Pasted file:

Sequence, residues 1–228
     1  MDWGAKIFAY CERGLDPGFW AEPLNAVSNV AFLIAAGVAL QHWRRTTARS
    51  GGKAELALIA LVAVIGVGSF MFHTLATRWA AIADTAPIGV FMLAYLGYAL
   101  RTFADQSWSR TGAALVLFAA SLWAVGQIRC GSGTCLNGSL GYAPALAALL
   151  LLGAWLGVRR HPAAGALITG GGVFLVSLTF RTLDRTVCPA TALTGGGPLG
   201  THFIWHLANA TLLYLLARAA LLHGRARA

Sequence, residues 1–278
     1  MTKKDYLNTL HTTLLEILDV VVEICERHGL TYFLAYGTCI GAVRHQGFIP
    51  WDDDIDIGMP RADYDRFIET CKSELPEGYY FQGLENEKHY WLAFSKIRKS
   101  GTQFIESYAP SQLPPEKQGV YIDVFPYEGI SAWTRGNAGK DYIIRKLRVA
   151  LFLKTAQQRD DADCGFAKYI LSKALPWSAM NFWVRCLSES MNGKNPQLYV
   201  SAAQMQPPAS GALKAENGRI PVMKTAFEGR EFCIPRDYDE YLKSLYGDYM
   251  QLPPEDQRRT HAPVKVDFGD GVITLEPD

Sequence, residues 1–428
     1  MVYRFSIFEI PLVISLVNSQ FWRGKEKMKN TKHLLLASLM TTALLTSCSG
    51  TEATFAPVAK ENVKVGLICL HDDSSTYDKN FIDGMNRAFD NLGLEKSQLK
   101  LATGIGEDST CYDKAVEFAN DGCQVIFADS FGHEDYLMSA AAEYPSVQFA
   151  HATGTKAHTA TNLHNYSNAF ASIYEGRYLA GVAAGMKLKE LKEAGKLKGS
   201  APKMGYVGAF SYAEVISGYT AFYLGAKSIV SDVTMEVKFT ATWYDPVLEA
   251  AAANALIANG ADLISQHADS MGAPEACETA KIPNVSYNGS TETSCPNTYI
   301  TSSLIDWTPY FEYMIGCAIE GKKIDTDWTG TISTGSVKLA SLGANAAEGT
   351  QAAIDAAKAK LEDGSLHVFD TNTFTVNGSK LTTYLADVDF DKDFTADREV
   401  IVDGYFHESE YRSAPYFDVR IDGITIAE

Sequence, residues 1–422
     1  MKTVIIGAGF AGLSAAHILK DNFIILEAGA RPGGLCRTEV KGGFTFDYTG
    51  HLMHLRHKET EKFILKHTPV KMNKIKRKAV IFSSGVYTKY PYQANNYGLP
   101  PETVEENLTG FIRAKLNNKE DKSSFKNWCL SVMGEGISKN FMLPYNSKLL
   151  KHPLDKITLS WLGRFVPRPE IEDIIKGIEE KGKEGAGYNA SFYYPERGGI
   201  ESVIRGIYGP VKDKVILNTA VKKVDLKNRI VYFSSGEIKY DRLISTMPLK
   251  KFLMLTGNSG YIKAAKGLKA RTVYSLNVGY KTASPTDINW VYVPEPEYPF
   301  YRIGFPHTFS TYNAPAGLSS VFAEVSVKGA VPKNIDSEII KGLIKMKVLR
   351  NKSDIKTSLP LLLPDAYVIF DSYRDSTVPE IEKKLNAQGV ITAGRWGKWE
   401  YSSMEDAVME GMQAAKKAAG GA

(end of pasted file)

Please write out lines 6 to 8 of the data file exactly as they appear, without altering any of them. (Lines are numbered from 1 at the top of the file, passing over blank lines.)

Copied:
   201  THFIWHLANA TLLYLLARAA LLHGRARA

Sequence, residues 1–278
     1  MTKKDYLNTL HTTLLEILDV VVEICERHGL TYFLAYGTCI GAVRHQGFIP